Several statutes prescribe or affect the laws of the United States dealing with water pollution.  Among them are the Rivers & Harbors Act, the Marine Protection, Research and Sanctuaries Act, the Coastal Zone Management Act, the Clean Water Act, the Oil Pollution Act and the Safe Drinking Water Act.  Additionally, state laws are relevant. State laws governing water resources differ markedly in the West, where water is scarce, from the East, where it has been historically plentiful.  The Clean Air Act has provisions that affect the Great Lakes, and treaty provisions may affect boundary waters. One almost has to write a small book to try to describe these laws in detail.  On this web page, I deal only with the Clean Water Act, in summary form.

The Clean Water Act

The Clean Water Act was enacted in 1972. It included an ambitious program goals of eliminating the discharge  of pollutants to navigable waters of the United States and of making all waters fishable and swimmable by the 1980s.  States were given the responsibility of adopting programs that provided for improved water quality, and the EPA was directed to adopt discharge standards for various industries.   Every discharger from a "point source" to waters of the United States was required to obtain a permit under the National Pollutant Discharge Elimination System (NPDES permit). Significant industrial dischargers to publicly owned treatment works (POTWs) were required to  meet "pretreatment" standards before their effluent entered the sewers.  A grant program was established to provide substantial federal assistance for the installation and upgrading of POTWs.  The Clean Water Act underwent revision in 1977 and there was a further significant revision in 1987.

NPDES Permits

A "point source" includes any pipe, channel, vessel, ditch or other discernible, confined and discrete means of conveyance or possible conveyance of "pollutants or contaminants" to "waters of the United States".  The owner or operator of a point source must have a permit from the United States or an authorized State program that describes and limits the discharge.  The permittee must comply with the permit under penalty of civil or criminal prosecution.  Limited exceptions exist for discharges involving surface runoff, irrigation return flows, certain boat or ship discharges, water from dams and certain wells that are otherwise permitted.   "Waters of the United States" is a broader term than "navigable waters", because it includes intermittent streams and groundwaters. "Pollutants" are also very broadly defined.  Thus in almost all cases of discharge from a point source to waters or groundwaters, an NPDES permit should be in place.

The limitations that a permittee must meet under the NPDES program depend upon the nature of the source facility and its age.  They also may be affected by restrictions necessary to achieve water quality standards in the receiving waters, irrespective of the nature of the source.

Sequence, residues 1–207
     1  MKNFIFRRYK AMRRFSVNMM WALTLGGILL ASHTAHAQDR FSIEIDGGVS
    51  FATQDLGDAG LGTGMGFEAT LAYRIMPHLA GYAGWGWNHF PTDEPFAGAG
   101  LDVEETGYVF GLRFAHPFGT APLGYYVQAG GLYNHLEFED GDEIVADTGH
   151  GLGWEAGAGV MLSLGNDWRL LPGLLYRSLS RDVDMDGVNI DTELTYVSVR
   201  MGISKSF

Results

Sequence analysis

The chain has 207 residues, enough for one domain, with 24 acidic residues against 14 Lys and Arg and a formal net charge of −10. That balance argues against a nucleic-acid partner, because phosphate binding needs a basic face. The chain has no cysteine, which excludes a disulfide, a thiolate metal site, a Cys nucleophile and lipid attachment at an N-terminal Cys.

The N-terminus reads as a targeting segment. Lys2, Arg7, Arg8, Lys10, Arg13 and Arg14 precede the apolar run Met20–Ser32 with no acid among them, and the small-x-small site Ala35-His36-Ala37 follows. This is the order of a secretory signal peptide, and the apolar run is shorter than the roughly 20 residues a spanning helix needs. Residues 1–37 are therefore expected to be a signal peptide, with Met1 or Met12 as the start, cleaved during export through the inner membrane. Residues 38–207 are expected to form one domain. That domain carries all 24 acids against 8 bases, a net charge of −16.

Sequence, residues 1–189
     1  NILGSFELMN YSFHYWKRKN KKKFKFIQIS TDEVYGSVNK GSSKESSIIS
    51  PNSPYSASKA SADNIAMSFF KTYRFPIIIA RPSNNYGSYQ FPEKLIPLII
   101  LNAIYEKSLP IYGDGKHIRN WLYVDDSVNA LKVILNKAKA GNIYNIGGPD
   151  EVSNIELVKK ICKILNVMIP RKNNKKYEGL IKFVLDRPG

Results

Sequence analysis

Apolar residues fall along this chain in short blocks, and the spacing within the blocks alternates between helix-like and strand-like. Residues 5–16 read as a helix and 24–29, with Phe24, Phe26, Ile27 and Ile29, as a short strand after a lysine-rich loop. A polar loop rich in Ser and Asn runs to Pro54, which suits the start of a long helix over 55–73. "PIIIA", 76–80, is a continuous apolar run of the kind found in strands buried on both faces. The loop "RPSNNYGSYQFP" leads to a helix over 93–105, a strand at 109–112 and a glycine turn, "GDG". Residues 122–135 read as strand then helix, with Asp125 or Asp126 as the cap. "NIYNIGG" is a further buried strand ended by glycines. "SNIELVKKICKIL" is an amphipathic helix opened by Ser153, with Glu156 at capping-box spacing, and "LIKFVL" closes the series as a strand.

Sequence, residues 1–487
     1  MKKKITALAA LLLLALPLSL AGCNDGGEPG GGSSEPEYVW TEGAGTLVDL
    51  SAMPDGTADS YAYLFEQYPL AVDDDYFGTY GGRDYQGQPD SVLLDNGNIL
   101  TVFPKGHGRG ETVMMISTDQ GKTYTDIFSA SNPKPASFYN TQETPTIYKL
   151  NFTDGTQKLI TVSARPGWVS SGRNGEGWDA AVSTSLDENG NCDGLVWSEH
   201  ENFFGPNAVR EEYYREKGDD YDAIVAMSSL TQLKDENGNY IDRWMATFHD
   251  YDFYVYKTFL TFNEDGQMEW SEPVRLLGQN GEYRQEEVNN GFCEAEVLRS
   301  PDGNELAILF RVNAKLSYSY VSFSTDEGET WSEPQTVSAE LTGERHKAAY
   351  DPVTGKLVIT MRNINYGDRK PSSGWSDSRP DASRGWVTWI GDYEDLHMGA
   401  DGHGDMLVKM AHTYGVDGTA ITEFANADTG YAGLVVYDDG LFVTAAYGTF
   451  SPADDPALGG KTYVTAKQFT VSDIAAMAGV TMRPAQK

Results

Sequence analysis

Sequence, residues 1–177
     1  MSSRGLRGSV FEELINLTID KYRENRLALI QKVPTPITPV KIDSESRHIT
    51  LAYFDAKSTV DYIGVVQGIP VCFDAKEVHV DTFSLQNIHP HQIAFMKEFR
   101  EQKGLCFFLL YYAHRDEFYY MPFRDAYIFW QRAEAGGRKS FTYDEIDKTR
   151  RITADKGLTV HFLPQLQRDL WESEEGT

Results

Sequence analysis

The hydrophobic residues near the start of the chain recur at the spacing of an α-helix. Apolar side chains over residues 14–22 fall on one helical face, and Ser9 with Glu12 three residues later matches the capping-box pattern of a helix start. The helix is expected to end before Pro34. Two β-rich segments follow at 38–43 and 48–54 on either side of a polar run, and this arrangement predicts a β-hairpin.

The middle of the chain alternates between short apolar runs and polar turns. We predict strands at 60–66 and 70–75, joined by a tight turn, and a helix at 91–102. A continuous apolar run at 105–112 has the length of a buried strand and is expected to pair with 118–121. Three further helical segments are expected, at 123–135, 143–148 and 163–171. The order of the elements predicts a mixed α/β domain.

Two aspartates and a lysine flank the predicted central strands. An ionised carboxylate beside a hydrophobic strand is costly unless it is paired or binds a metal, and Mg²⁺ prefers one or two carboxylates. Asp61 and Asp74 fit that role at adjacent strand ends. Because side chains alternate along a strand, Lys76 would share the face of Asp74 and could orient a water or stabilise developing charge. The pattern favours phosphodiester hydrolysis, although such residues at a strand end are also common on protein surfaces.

Indirect Dischargers are facilities that discharge to publicly owned sewer systems (POTWs) which provide treatment prior to discharging to waters of the United States.  In the case of most industries, EPA has developed pretreatment standards that are comparable to direct discharge standards, but which may make some allowance for the presence of POTWs.  POTWs are required to enact user charges that reimburse the public for the cost of treatment provided to industrial sources.  Additionally, an indirect source may not cause damage to a POTW operation (e.g. by discharging metals that may damage treatment processes) or cause it to pass through pollutants which pretreatment should have eliminated from a wastestream.

Water Quality Programs

In order to achieve the fishable and swimmable goal of the law, EPA and the States are engaged in a complex process of setting water quality standards.  These standards take into account the capacity of a given river or other body of water to absorb nutrients and other pollutants without degrading.  The Clean Water Act requires States to develop and enforce plans that will evoke improvements in water quality.  This process pushes industry toward development of "zero discharge" methods of water use (and reuse), because increases in water quality standards usually translate into higher treatment costs.  It also pressures POTWs, due to the impact their discharges have on conventional measurements of water quality such as suspended solids and oxygen demand.

Toxics controls form a significant element of the water quality planning process.   These programs identify so-called "hot spots" in waterways and lakes that are not being adequately addressed by the regular application of NPDES discharge standards and water quality standards.

Agricultural and Other Non-Point Source Runoff

Agricultural and storm water runoff form the largest source of water contamination nationwide.  The practicality of dealing with the results of erosion and the importance of agriculture served historically to delay the implementation of stringent standards on agriculture.  However, serious efforts have been undertaken in recent years to tighten these requirements.

Enforcement and Citizen Suits

  The Clean Water Act imposes serious civil and criminal liability on violators.  Misdemeanor prosecution is possible for negligent violations.   Felony conviction is possible for knowing violations of the law.   Given the detail and typically numerous requirements of an NPDES permit, plus the fact that a civil penalty liability of up to $27,500 per violation is possible every day, penalties can mount to very high figures.  Permit holders are required to self-report violations.  False reporting is a criminal act.

Citizens with an interest are enabled to prosecute ongoing violations of the law.   Doing so requires that certain notice and other jurisdictional requirements be met.